I also tested the bluetooth while fully duplexing - I was transmitting on 2 meters into a remote base that was sending my signal through a local 440 repeater that I was monitoring on the other VFO. This arrangement was unworkable using bluetooth as the delay introduced by the bluetooth made listening to your own transmission unbearable. This delay was not caused by my bluetooth headset, but by the radio's bluetooth functionality itself, so I'm sure it will have the same issue using the Icom VS-3 PTT mic.

    In summary, the bluetooth feature works fairly well for simplex or repeater operation but not for full duplex operation. The VOX sensitivity isn't quite sensitive enough, but this wouldn't be an issue if using a PTT bluetooth headset.
     
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  12. Robb

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    Since the Bluetooth is an option; how much was it to upgrade to it?
     
  13. Moleculo

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    It's not cheap - it's right at $100.
     
  14. Moleculo

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    Memory Management & Scanning

    The 2730 supports 1000 memory channels which can be organized into 10 banks. By default, there are no memory banks enabled, but creating them is as simple as assigning memory channels to the banks. There is also a way to directly enter a memory and assign it to a bank in one series of steps. The default names of the banks are letters A through J, but you can name the banks whatever you like. Utilizing the banks is not the most intuitive feature; try to remember that holding the MAIN BAND button after going into memory mode gets you to the bank menus. After that, it's as simple as rotating the dial and selecting menus.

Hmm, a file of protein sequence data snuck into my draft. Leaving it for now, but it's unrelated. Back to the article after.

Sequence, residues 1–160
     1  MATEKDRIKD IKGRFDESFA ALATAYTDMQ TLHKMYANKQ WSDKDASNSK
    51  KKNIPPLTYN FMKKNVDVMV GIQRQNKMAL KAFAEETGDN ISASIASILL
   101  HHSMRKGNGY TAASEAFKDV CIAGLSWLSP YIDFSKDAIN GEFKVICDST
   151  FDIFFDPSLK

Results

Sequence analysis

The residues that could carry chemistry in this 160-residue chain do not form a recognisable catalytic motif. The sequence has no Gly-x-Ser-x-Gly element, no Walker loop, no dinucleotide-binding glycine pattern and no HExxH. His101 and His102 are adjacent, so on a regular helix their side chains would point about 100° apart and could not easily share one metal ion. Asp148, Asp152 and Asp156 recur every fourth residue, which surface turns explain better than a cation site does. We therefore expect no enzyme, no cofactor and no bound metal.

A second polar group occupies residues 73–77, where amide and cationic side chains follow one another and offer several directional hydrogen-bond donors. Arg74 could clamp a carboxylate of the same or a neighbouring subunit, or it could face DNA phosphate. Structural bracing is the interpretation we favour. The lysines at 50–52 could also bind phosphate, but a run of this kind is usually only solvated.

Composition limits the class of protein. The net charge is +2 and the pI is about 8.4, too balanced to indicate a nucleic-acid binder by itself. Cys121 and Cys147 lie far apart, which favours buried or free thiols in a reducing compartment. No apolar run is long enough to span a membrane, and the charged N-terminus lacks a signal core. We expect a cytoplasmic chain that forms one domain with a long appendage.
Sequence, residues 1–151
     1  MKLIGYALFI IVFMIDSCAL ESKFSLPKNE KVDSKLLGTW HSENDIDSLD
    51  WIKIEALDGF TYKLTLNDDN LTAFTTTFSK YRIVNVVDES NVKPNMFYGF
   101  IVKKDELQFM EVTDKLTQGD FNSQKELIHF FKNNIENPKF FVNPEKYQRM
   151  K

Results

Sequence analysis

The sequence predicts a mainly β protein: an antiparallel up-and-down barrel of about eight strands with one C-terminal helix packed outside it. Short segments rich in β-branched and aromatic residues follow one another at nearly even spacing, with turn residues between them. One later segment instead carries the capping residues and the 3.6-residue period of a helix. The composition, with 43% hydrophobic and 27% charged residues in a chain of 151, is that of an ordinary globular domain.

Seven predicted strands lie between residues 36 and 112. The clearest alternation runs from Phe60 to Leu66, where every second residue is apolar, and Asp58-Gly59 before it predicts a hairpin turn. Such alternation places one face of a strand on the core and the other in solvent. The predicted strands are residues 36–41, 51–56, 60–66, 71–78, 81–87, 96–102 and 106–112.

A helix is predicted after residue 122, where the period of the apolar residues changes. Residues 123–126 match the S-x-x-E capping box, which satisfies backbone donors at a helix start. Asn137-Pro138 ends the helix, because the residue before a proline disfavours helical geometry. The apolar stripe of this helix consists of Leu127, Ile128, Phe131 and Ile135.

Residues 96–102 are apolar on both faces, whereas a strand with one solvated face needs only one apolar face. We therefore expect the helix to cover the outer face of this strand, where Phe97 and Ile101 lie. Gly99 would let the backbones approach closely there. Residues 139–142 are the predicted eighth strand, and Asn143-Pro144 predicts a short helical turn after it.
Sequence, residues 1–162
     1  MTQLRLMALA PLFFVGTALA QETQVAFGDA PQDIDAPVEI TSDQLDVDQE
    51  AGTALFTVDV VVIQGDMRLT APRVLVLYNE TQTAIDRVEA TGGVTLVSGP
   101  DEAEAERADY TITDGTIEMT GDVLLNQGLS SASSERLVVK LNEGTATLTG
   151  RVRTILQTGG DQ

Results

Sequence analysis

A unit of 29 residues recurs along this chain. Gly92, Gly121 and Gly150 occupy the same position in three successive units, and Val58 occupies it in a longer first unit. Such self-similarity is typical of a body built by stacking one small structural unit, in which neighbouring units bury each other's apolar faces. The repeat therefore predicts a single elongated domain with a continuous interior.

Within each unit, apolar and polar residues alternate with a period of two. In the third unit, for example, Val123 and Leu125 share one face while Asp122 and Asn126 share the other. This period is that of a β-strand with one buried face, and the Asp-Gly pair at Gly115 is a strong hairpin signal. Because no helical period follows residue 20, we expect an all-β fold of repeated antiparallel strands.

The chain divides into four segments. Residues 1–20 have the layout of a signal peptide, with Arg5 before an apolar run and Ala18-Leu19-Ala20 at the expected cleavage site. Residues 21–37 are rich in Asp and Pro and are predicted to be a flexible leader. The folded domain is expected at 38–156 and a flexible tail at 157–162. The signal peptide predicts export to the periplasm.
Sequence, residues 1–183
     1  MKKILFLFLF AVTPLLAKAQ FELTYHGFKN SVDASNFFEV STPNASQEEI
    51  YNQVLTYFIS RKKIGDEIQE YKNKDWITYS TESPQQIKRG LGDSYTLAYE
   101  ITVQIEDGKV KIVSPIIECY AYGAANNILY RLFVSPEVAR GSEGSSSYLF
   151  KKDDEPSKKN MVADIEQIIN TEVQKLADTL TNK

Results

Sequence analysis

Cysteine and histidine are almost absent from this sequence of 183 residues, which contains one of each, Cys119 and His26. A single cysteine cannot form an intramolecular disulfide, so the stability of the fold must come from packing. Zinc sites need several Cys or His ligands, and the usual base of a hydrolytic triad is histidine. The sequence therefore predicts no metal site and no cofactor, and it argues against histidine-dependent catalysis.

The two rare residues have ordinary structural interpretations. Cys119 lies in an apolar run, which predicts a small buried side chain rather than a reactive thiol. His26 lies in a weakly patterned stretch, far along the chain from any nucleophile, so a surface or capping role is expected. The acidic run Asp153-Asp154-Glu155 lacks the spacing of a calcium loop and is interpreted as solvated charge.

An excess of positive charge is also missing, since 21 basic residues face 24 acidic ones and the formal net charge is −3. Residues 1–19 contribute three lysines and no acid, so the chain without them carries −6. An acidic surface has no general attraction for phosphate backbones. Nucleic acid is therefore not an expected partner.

With every new radio, I always try to see if I can figure out how to program memories without the manual as a litmus test for radio usability. With the 2730, I was able to figure out how to save and name memories without the manual, but not manage memory banks.

    The IC-2730 features VERY full featured scanner functions. In addition to scanning memories and VFO, you can scan memory banks as well as something Icom calls "Programs". Programs are simply a saved scan range with band edges, and you can also name the programs. You can even link programs or banks to scan them together. Of course, you can also program scan skip frequencies and also temporary skip frequencies (using the hand mic). If there are VHF/UHF rigs available with more scanning capabilities, I'm not sure what they are.

    The best advice for the operator that wants to completely configure the radio with memories, banks, and scanning features is to download CS-2730 software from Icom's website. It is very similar to the other Icom rig software (ID-5100, ID-51, etc.) and is the simplest way to manage memories, banks, and scan features.

    All things considered, I very much like these features in this radio and they should not be undervalued by those shopping for a new VHF/UHF Rig.
     
  15. Matt Phillips

    Matt Phillips
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    Would you mind posting a picture of the back of the face, without the MBA-4 bracket attached?

    I plan on getting this radio and attaching the face directly to a single din blanking plate and tucking the main unit in the center console.

    Unfortunately, I can't find any pictures of the back of the face to plan out the install before making the purchase.
     
    #15 Matt Phillips, Feb 20, 2015
    Last edited: Feb 20, 2015
: Icom IC-2730